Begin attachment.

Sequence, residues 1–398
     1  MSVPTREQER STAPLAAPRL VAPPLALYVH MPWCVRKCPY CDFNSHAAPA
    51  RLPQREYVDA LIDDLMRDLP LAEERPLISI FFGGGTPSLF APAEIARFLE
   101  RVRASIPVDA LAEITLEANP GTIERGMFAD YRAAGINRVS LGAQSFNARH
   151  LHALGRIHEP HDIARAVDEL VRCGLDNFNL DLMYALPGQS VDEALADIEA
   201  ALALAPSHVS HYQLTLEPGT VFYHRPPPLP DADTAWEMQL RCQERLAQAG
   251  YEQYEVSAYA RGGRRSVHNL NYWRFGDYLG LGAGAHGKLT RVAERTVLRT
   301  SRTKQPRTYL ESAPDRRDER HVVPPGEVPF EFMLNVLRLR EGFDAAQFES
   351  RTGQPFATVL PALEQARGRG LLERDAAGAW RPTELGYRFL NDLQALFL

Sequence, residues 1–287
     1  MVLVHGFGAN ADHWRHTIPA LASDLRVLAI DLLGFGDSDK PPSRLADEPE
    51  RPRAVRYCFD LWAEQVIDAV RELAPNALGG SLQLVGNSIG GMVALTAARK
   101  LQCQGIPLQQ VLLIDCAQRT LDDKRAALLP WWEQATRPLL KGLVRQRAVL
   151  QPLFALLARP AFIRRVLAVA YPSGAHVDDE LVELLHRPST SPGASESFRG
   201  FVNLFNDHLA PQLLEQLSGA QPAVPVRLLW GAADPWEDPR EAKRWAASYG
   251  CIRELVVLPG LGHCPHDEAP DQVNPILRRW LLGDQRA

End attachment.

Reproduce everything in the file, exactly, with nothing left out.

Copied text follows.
Sequence, residues 1–398
     1  MSVPTREQER STAPLAAPRL VAPPLALYVH MPWCVRKCPY CDFNSHAAPA
    51  RLPQREYVDA LIDDLMRDLP LAEERPLISI FFGGGTPSLF APAEIARFLE
   101  RVRASIPVDA LAEITLEANP GTIERGMFAD YRAAGINRVS LGAQSFNARH
   151  LHALGRIHEP HDIARAVDEL VRCGLDNFNL DLMYALPGQS VDEALADIEA
   201  ALALAPSHVS HYQLTLEPGT VFYHRPPPLP DADTAWEMQL RCQERLAQAG
   251  YEQYEVSAYA RGGRRSVHNL NYWRFGDYLG LGAGAHGKLT RVAERTVLRT
   301  SRTKQPRTYL ESAPDRRDER HVVPPGEVPF EFMLNVLRLR EGFDAAQFES
   351  RTGQPFATVL PALEQARGRG LLERDAAGAW RPTELGYRFL NDLQALFL

Sequence, residues 1–287
     1  MVLVHGFGAN ADHWRHTIPA LASDLRVLAI DLLGFGDSDK PPSRLADEPE
    51  RPRAVRYCFD LWAEQVIDAV RELAPNALGG SLQLVGNSIG GMVALTAARK
   101  LQCQGIPLQQ VLLIDCAQRT LDDKRAALLP WWEQATRPLL KGLVRQRAVL
   151  QPLFALLARP AFIRRVLAVA YPSGAHVDDE LVELLHRPST SPGASESFRG
   201  FVNLFNDHLA PQLLEQLSGA QPAVPVRLLW GAADPWEDPR EAKRWAASYG
   251  CIRELVVLPG LGHCPHDEAP DQVNPILRRW LLGDQRA